This book, with 30 pieces designed by Robert Neale and diagrammed by Tom Hull, is another nice progression from simple to intermediate pieces. The pieces themselves are a mix of representational, useful and decorative, and are very intentionally very clearly diagrammed, with no origami “lingo.” As Tom says in the introduction:

When trying to learn origami from a book, the reader is really learning two things at the same time: 1) how to fold paper and 2) how to read origami diagrams. These are two distinct skills, and their combined effect can be discouraging, to say the least.

The piece “Frog with a Big Mouth” – so easy it consists of nothing but fold-this-flap-here valley folds – is one of my all-time favorite introductory folds. It never fails to please, getting laughs even from adults. It’s extra-fun to do as a “surprise” piece, that is, don’t tell the students what they’re making, and have them guess as you go. The reveal at the end is wonderful!


Robinson, Nick

robinson_kit-for-dummiesOrigami Kit (for Dummies) (at Amazon – also available in Kindle format)

I’m generally a fan of the whole … for Dummies line of books, as they do a good job of giving the reader an overview of the topic, plus lots of specific details to get you rolling. This book is exactly that, aimed at Origami. It assumes from the start that the reader doesn’t really know anything about the art, and starts out with great background information on the tools and techniques you’ll need, how to read diagrams, etc., before getting rolling on the pieces themselves. And there’s a great range of material to fold in here, with pieces designed by many different members of the origami design community. Nick also has a great sense of humor, and it comes through very clearly in his commentary.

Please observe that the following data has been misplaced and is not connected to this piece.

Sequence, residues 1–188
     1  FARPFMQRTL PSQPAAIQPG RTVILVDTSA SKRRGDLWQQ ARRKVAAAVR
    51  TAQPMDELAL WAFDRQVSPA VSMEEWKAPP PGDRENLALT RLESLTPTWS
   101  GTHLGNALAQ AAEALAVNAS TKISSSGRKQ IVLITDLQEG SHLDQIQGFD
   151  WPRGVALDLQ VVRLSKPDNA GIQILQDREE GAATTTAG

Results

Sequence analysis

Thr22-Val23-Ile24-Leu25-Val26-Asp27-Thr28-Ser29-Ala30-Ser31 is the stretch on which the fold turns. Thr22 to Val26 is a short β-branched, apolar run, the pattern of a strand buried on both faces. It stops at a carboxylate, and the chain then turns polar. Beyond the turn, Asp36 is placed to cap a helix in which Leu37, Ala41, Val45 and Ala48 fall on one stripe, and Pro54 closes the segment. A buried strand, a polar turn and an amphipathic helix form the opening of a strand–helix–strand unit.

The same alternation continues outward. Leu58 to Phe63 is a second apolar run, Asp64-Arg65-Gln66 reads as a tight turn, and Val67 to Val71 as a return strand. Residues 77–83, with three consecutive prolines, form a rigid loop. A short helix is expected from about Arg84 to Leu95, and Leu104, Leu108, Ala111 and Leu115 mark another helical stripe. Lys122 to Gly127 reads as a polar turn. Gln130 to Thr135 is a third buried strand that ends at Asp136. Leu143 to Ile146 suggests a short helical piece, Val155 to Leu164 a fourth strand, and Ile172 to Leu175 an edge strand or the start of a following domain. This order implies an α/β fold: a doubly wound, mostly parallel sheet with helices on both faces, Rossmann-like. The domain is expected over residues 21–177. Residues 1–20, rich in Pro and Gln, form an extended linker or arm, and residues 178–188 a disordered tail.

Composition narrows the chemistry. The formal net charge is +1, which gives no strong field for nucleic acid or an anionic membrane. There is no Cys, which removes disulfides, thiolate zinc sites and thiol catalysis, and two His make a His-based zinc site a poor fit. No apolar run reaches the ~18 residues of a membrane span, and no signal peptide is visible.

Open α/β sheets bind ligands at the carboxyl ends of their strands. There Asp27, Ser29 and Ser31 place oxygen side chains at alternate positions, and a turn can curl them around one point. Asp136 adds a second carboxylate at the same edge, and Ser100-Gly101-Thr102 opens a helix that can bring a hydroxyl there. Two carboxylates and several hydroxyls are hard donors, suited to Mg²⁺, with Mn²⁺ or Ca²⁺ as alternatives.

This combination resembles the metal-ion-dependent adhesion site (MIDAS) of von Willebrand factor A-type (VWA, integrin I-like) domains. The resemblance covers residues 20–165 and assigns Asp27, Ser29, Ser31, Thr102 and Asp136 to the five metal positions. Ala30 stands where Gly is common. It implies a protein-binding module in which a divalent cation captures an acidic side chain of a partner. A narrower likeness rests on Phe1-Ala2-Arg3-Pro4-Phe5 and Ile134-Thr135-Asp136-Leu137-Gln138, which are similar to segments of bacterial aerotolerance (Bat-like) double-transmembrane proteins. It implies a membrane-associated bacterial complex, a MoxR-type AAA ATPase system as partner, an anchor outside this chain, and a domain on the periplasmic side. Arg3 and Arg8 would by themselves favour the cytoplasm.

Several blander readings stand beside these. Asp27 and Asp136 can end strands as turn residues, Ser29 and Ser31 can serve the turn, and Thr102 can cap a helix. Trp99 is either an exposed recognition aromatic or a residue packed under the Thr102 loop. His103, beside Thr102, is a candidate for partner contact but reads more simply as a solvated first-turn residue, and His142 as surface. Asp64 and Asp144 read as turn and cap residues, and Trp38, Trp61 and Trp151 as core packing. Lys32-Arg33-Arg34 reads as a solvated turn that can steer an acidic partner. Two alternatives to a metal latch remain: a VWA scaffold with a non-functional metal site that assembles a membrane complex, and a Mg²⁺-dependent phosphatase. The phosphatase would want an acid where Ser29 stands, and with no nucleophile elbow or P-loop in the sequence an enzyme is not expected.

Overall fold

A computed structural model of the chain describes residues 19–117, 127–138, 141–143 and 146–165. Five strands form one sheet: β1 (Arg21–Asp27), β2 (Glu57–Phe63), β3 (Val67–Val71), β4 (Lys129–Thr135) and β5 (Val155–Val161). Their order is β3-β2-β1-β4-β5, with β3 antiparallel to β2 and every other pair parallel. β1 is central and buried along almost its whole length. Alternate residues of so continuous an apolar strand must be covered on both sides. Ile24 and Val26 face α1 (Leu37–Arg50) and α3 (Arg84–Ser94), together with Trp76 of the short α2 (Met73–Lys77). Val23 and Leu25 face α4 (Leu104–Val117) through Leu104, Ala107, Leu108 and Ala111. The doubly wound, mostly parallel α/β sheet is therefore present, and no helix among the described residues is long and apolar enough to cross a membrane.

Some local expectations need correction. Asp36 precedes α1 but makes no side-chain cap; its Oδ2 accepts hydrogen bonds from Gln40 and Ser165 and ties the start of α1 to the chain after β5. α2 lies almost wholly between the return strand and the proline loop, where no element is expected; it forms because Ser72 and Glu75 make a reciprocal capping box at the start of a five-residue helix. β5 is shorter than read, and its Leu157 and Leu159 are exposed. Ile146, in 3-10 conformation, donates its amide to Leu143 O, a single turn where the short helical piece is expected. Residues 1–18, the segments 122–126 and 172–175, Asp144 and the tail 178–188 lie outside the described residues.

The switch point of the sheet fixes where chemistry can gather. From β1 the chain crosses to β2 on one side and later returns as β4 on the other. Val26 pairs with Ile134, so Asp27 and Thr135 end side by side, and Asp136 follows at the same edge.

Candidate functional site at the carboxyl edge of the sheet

robinson_beginners-guideA Beginner’s Guide to Origami (at Amazon)

(Out of print, available used)

I’m very partial to Nick’s clear, well-thought-out diagramming style, and it shines in this introductory book. The first 20-odd pages are dedicated to an introduction to origami, including basic folding techniques, symbols and diagramming conventions used in the book. The pieces themselves are interesting, satisfying  works that range from representational (animals, etc.) to useful (bowls), toys, modular and decorative pieces.